A Framework of Angels: Angelicus

A Framework of Angels: Angelicus

August 26, 2021

 

 

 

In D.S. Martin’s Angelicus, spirited new poems embody celestial beings from “beyond the beyond.” Summoned for us by the poet, various members of the heavenly host greet us, eager to warn, hearten, and instruct. I was surprised again and again. 

 

Cherubim prove formidable yet tender:  

Our wings are quartets of glory     & our fourfold faces turn
toward the round earth's imagined corners     giving you
a framework     O child of clay     against which to view
new experience 

 

That promised framework morphs according to the angel’s personality and purpose. Cloudlike, from section to section even poetic forms seem to travel thermals: blocks of text morph to dropped line stanzas; margins-within-margins give way to stair-stepping strophes. There are gaps and shadows and backlit glories. Martin’s trademark ampersands and white spaces used in lieu of punctuation seem to float on the page, suggesting a visual timelessness. They also partner with rhyme. Deftly honed prosody holds hands with psalmic utterance laced with a hint of rap: “ice and fire/ in the parch-throated choir”—says one messenger, while another observes angels are “sent/ to the bent.”   

 

Angelicus grapples with big themes; it’s also mischievous. 

We see you all love games     that show
how much you know     the puzzles
you're able to master faster
than anyone

 

One herald riffs:

a glorious onomatopoetic     cock-a-doodle-doo     drawn from every
encountered hullabaloo

There is mirth and magic here, riding shotgun with mystery. Perusing the table of contents, one senses the poet has eavesdropped on a cosmic gabfest. Martin’s wingèd cadre alternately reminisces, bemoans, and consoles. They also exhort us.

 

I call on you to recall     the height

          from which you have fallen

 

And with that, gravity overtakes me: personal worries, weather gone mad, wars, extinctions, toxic national conversation. Weighed down, I yearn for the long view. I read the following and, for a moment, the clouds part: 

 

Oh     if you saw how the eyeblue tinge 

of your home     floats in space     you’d 

feel its lyrical pull

 

I am drawn into contagious reverence, gratitude. I keep reading. 

 

Martin’s angels are curious. Entertaining. I’m intrigued by seraphic speculation, even droll pet peeves (“Teen Angel” and “Putto Putto Putti”). The more I read, the more I feel invisibly companioned. Amid days of sometimes groping for the way forward, examples of angelic humility offer a kindly scaffold. 

 

Though not allowed to know     I must still be ready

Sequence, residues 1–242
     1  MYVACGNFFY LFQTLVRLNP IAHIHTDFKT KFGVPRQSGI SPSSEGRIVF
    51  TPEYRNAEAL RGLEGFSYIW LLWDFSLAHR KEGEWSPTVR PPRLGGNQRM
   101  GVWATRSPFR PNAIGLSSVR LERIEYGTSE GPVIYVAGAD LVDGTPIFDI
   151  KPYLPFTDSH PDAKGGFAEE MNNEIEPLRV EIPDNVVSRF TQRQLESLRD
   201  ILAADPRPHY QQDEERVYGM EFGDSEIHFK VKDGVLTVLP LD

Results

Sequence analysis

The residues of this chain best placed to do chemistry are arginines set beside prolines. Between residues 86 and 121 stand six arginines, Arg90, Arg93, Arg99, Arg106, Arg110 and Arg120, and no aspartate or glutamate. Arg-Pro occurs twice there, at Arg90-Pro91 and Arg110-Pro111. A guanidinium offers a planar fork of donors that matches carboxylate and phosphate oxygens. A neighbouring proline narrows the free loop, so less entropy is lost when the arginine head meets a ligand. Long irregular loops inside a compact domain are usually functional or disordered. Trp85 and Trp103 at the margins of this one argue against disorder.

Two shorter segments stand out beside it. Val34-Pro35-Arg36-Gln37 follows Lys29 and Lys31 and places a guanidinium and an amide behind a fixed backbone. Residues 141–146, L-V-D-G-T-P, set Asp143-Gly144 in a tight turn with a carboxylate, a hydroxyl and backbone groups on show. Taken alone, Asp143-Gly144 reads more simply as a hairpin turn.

From ancient times to present-day dilemmas these bloodless beings, variously assigned, voice wisdom and wonderment. Angelicus, by turns contemplative, catastrophic, and comic, brings us nuanced whispers from history as well: Augustine, Dante, Donne, Dickinson, Rilke, Ferlinghetti. Expect polar bears, “the most angelic of beasts.” Read “An Angel Watches It’s a Wonderful Life” and rethink Zuzu’s petals. Watch for outliers, classical paintings, epic special effects:

 

first flown     like a bolt of lightning

from God’s glance

 

An angel will innocently upend assumptions:

          Not everything is to be done     on earth
as it is in heaven     As the angelic host
the earthly unknown     that puzzles us most
is     the first     not good     was about man being alone 

 

Startling as drops of rain from a metaphorical cloudscape, Martin’s word derivations catch the ear and eye: onomatopoetics, angelological, devilbread. In the final poem, “fulgour” arrests me. It means “splendor, a dazzling brightness,” an esoteric yet fitting capstone, well-earned. 

Vast in scope yet intimate, this beckoning collection encompasses galaxies as well as souls. Evoking laughter while coaxing further reflection, Angelicus urges a winsome revolution, deep in the heart. O child of clay, you’re invited to see the Dispatcher of Wings against new sky. Like the young William Blake, D.S. Martin continues to serve “an apprenticeship of perceiving” propelled by questions that will, hopefully, beget many more.

 

The familiar conceals as much as it reveals

If you suspect     a stranger     might be angelic

whether shimmering or dim

I say     invite him in

____________

 

 

Laurie Klein is the author of Where the Sky Opens and Bodies of Water, Bodies of Flesh. A Ruminate contributor and grateful recipient of the Thomas Merton Prize for Poetry of the Sacred, she lives in the Pacific Northwest. https://lauriekleinscribe.com/

 

 

 

Photo by Ben Vaughn on Unsplash



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